Making Art Outside the Machines of Power

Given that art has human value (without– or suspending definition of what that is), it follows that the labor of the artist merits support. This entails meeting basic human needs for the artist, seeing that tools, supplies and space for making art are available. How that support is offered, where and by what means it’s obtained is not a matter of indifference for art or artist, but will have the power to affect and control both art and artist.

There is an unavoidable entanglement of the production of art and artist with the economic, social, political, and cultural, machines (thank you Levi Paul Bryant ), through which support is procured. The gallery-investment-collector-museum-gentrification-reward-machines will select that which maintains and enhances their operations, and reject what threatens them. The flow of money is the mother’s milk that fuels these machines, and those who control the flow of money will not abide anything that challenges their territorial power. If you are an artist, and court what passes for ‘success’ in this system, you will, no matter how firmly you believe in your aesthetic purity, or how hard you work to compartmentalize your creative work to shield it from the machinery you have made yourself dependent on, you will be making art that serves that system. You will be a useful servant of the Empire of Money and Death.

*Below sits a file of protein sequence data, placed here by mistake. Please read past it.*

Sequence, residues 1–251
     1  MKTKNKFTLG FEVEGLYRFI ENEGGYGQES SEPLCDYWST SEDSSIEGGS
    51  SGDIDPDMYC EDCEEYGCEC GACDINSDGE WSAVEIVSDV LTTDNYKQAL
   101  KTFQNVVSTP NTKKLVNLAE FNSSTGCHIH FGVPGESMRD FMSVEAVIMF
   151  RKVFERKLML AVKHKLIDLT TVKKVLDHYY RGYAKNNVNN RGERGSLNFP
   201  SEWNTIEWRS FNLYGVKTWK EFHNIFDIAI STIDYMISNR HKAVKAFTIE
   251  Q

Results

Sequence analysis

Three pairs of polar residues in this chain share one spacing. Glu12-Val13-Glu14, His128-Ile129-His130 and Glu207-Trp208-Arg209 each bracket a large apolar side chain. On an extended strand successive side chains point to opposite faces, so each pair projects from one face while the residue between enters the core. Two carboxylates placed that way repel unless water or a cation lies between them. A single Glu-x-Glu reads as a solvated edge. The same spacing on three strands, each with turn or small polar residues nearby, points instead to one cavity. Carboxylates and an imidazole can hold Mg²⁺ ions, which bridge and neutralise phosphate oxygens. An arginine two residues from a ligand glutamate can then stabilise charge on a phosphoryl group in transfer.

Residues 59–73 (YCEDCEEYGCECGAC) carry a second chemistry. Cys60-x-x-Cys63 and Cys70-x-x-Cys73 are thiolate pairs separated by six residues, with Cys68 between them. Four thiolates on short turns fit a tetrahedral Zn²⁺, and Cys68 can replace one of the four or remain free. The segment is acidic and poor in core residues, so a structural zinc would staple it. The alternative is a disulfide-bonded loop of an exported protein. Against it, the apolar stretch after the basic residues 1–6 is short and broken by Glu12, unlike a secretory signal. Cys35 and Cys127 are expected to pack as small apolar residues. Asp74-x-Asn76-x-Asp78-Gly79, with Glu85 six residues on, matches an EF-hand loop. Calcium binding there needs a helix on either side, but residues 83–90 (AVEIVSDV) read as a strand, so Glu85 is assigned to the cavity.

There was no need to define the value of art and the artists labor, because it will be defined by the machines that distribute the reward and how they make use of it. Artistic freedom will be the reward of the parasites, the rebels, thieves and refusers. When you see one of those great, expensive, powerful works of public art, those magnificent museum worthy pieces, made possible by grants and awards, by the flow of money–tell yourself, that is not what artists who value their freedom do. That is not what a free creative soul aspires to do–it’s a temptation, a seduction to join the stable of the pimps who run the machines… the machines that build the prisons and make the drones and turn everything human into a means of profit. Why am I not hearing this conversation from artists everywhere? How do we survive without supporting the machinery of slavery and death? What kind of art can we make–how does that change what we are given to do, how does that shape our creative vision? Why am I not hearing this conversation from artists everywhere?
April, 2014

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